“Let It Go,” from the animated film Frozen won the award for Best Original Song at the 86th Academy Awards Sunday night, beating out competition from U2’s “Ordinary Love,” Pharrell’s “Happy” and Karen O’s “The Moon Song.” Steven Price’s score for Gravity won the award for Best Original Score.
In our look at Upsets to Beat at this year’s awards, “Let It Go,” written by Kristen Anderson-Lopez and Robert Lopez, was the favorite to win; a “bona fide anthem that’s Disney’s single biggest and best song in a generation, a tremendous showcase for Idina Menzel’s genre-defining pipes, and a rallying cry for its new not-your-mother’s-princesses vibe.”
Robert Lopez’s win gave the musician a rare EGOT (wins for Emmy, Grammy, Oscar, Tony). Lopez had previously won a Tony in 2004 for Best Original Score for Avenue Q, two Daytime Emmy Awards in 2008 and 2010 for The Wonder Pets and a Grammy for Best Musical Theater Album in 2012 for The Book of Mormon (He also won two Tonys for Mormon). Lopez is only the 12th person to ever achieve such a feat.
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Earlier this year, “Let It Go” was nominated for a Golden Globe for Best Original Song, but lost to U2’s contribution to Mandela: Long Walk to Freedom.
“Let It Go” From Frozen
Five nominees were originally up for the award, but earlier this year, the Academy of Motion Picture Arts and Sciences revoked “Alone Yet Not Alone,” the theme song to a Christian film of the same name, after it was discovered that composer Bruce Broughton emailed fellow voters during the voting period to inform them of his contribution. While campaigning is common among Academy Award nominees, organizers took exception to Broughton’s past involvement with the awards.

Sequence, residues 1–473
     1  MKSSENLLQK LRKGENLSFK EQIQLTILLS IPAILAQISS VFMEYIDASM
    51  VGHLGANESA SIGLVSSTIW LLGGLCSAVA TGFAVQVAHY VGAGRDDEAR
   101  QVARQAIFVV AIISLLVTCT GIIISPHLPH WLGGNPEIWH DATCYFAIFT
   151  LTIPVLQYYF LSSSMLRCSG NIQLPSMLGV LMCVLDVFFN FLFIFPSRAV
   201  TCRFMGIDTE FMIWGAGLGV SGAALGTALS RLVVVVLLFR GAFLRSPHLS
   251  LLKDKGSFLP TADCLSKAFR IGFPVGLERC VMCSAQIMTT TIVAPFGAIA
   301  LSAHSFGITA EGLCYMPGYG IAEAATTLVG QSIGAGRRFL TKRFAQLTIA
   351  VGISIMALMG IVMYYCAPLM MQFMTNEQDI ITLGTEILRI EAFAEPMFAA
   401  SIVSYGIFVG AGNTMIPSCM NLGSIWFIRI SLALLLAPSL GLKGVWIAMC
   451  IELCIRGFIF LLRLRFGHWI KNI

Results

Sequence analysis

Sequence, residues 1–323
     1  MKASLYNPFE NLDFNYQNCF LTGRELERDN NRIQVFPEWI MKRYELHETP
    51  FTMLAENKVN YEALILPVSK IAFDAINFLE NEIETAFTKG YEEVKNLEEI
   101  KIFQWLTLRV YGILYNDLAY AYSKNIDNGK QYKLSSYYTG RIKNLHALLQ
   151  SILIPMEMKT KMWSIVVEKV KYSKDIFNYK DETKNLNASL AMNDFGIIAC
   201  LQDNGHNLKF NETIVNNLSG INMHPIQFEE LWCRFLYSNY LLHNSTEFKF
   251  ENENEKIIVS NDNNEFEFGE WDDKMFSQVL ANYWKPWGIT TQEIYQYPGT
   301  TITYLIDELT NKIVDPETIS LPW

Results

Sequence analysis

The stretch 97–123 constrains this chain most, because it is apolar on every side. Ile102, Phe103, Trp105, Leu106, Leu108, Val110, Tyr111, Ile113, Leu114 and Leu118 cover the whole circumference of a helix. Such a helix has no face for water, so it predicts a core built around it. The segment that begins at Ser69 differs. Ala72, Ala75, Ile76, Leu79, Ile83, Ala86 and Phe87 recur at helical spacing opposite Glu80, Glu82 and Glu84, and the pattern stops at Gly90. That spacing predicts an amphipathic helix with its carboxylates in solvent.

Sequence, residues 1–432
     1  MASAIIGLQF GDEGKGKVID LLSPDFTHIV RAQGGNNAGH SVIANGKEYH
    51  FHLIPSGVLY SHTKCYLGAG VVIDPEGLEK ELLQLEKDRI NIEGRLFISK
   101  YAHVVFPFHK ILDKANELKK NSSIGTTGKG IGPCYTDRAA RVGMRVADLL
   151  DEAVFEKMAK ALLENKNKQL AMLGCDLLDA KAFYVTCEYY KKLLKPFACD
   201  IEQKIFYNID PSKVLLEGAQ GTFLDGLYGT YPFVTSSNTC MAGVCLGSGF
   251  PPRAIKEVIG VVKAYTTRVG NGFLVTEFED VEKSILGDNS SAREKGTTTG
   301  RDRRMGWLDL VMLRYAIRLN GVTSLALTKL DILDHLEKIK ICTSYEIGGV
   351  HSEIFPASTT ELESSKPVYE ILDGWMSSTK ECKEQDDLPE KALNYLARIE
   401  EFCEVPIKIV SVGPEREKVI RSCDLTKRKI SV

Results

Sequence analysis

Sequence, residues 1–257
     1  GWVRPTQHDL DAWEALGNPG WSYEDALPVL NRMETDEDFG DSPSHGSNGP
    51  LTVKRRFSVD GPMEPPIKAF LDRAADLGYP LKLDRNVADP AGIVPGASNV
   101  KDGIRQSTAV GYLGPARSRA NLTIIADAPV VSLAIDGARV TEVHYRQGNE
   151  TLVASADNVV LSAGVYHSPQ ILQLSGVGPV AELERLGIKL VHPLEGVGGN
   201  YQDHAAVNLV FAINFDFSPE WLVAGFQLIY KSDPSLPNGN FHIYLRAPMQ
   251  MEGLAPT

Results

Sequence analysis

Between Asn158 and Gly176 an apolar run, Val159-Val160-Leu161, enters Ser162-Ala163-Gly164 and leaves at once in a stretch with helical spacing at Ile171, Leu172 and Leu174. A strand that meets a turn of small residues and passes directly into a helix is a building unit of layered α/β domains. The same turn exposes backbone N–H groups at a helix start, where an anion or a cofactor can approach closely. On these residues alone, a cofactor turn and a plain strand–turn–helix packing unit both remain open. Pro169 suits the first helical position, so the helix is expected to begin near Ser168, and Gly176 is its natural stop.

“No matter how well-intentioned the communication, using one’s position as a former governor and current executive committee member to personally promote one’s own Oscar submission creates the appearance of an unfair advantage,” said Academy President Cheryl Boone Isaacs. Broughton said he was “devastated” at the Academy’s decision.
Despite longlisting 75 songs for the category, the Academy chose not to replace, “Alone Not Yet Alone,” leaving the four nominees.
In 2012, the Academy revamped the process of picking Best Original Song after only two songs — “Man or Muppet,” from The Muppets, and “Real in Rio,” from Rio — earned above the necessary average of 8.25 out of 10 out of 39 songs. The nominees are now picked from the highest number of votes from eligible voting members.
To be eligible, songs must contain words and music written specifically for the given film. The songs must also be noticeable in the movie, or as the first song playing during the end credits.